If you're thinking about Boston, then do it! It's an amazing city.
If you do anthing in Boston, at least do part of the Freedom Trail . This is a winding trail in downtown Boston. Just follow the red bricks in the sidewalk. It guides you through the major American Revolution sites in Boston as well as taking you through a lot of neat parts of Boston. You can start at either end of the trail. There are guided tours, but Emily and I enjoy touring at our own pace and not being in a large group. Below are the stops on the trail:
1. Boston Common
A large park.
2. Massachusetts State House
You can walk around freely inside. Open until 6pm most days, but best to go earlier in the day when the galleries for the chambers are open.
3. Park Street Church
Only open to visitors one day a week (I think Tuesday).
4. Granary Burying Ground
Includes the grave sites of John Hancock, Samuel Adams, Paul Revere, victims of the Boston Massacre, and participants of the Boston Tea Party.
5. King’s Chapel and Burying Ground
The woman who was supposedly the subject of The Scarlet Letter is buried here.
6. Benjamin Franklin Statue and former site of Boston Latin School
A quick stop and photo-op.
7. Old Corner Bookstore
This is now a two-story Chipotle; however, it’s neat to see the inside. It was formerly the publishing house for Hawthorne, Longfellow, and others.
8. Old South Meeting House
You have to pay to go inside. We looked at Internet pictures, and rather than being preserved on the inside, it looks more exhibit-like. So we just looked at the outside.
9. Old State House
Same as #8. It’s so beautiful on the outside and really neat juxtaposed with the surrounding skyscrapers.
10. Site of the Boston Massacre
Actually happened in the road, but there’s a large marker off on the sidewalk.
11. Faneuil Hall
A large auditorium used for public debate leading up to the Revolution. There’s an active market in the basement.
12. Paul Revere’s House Costs a little to go in and nothing special if you’ve seen old houses. However, it’s neat because of whose home it was and that it’s the oldest building in Boston.
13. Old North Church
Our favorite stop! A cool church and really neat history.
14. Copp’s Hill Burying Ground
Another historic cemetery. This one was founding in 1659.
15. USS Constitution
Known as Old Ironsides, this is the oldest naval vessel out there still floating.
16. Bunker Hill Monument
There’s a large monument here, and you can climb to the top. If it gets too hot they close it. For example, it got into the 90’s each day we were there, so it was only open in the mornings. If the weather stays cool, it remains open all day.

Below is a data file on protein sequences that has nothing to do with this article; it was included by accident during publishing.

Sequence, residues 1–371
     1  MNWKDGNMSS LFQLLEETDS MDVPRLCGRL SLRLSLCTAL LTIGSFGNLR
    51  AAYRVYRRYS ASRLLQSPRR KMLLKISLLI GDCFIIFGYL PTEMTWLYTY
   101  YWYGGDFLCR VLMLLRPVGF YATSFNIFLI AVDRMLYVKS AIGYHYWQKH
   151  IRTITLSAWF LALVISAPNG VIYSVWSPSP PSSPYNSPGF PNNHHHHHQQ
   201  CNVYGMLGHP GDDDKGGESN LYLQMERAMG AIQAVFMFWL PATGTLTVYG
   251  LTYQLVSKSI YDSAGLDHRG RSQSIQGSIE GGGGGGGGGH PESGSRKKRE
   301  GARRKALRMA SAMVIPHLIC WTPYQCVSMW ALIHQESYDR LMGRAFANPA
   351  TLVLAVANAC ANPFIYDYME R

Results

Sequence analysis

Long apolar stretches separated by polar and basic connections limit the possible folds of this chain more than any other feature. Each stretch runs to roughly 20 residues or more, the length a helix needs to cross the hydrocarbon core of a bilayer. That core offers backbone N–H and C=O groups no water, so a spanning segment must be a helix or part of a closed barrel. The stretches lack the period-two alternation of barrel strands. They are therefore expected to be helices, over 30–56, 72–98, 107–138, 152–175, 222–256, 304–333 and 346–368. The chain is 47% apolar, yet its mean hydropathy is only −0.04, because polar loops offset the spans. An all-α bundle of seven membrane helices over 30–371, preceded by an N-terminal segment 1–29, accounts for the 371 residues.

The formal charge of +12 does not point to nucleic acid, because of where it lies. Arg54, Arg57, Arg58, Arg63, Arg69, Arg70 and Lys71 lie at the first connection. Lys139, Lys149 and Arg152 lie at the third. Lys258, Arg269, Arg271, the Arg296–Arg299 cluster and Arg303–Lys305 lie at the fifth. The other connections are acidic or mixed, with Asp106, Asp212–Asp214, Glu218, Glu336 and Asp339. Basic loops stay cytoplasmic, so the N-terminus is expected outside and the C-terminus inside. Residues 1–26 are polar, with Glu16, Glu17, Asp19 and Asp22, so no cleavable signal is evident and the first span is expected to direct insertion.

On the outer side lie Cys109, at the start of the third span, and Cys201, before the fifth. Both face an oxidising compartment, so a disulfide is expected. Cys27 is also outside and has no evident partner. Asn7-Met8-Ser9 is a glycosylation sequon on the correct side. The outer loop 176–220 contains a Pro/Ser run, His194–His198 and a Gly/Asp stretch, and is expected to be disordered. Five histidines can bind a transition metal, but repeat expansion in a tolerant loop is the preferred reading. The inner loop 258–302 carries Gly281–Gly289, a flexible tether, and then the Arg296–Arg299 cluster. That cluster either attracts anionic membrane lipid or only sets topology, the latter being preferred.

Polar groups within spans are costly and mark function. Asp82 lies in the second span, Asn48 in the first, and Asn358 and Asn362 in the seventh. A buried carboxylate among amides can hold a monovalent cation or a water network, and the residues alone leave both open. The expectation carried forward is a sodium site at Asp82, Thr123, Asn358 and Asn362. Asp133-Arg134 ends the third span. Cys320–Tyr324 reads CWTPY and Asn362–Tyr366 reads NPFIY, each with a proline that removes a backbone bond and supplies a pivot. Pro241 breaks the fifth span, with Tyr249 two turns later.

A free tour starts at the top of every hour. You will need to register at the Harvard Information Center to be assigned to a tour group. Note that there are official-looking companies that are not affiliated with the school that also offer tours; however, these will cost money. You will not be able to go into many buildings (even in the summer) due to classes going on; however, the outside portion of the campus is beautiful and worth looking at. The tour guides will give ou all of the history and background of the campus. One of the libraries is open to the public, and has many, many old books.
MIT was neat to see because of the history, but it’s not as pretty or interesting as Harvard. For this, you have to go to or call the admissions office ahead of time to see if you can tag along on a prospective student tour. We enjoyed it though.
Fenway is beautiful, has so many unique characteristics, and is the oldest ballpark in America. I (Karson) loved every minute of it, but I understand that seeing a ballpark isn’t on everyone’s bucket list. Tickets are pricier than most places and often sell out, so it’s important to plan ahead. If you go, hopefully your game doesn’t go 15 innings and last 7 hours (like ours did).
Alternatively, if there’s not a game or you’d rather not go to one, there are tours for about $20. I haven’t been on it, but a friend said even his non-baseball loving travel companions enjoyed it too.
Very well put together and very interesting. If you're a U.S. history buff or enjoy politics, this is worth seeing. The Edward Kennedy Institute for the U.S. Senate is next door and fairly new, but we did not go.
Old South Church
I wouldn’t go out of your way to see it, but if your nearby it’s worth popping in.
You can see the finish line of this almost 125-year-old race, as it’s painted on the roadway. That’s about it though.
Probably not much different that other Chinatowns, but we really enjoyed walking around. We enjoyed the fact that it was a Chinese community rather than a touristy location (we only saw a few other Americans). As with rest of Boston, I'd recommend walking around during the day.
If you buy what’s called a Charlie Card for about $20 you can ride their transportation system, referred to as the “T”, an unlimited amount of times. Most of the lines are subways, but the silver line is a bus system. The fairy is also the “T”, but we never road it. It’s a little tricky at times but easy to get the hang of. Keep in mind that if you just need to go one stop over, sometimes walking is faster than going down into a station and waiting for a subway. Don’t be afraid to ask random locals for help, most were quite helpful with directions.
Accommodations & Lodging
We stayed in the Boston Long Wharf hotel in the financial district, right on the Boston Harbor. It was a nice hotel that we got through hotel points.
They have a nice pool area and great staff. There’s also a restaurant connected to the backside of the hotel called Tia’s at Long Wharf. We loved the food, and it was all very reasonable.
We loved walking around that area and really all of downtown Boston just to take in the sights and all that’s going on. As with most large cities, I’d recommend doing this during daylight hours.
Great burgers! It’s been featured on Diners Drive-ins and Dives.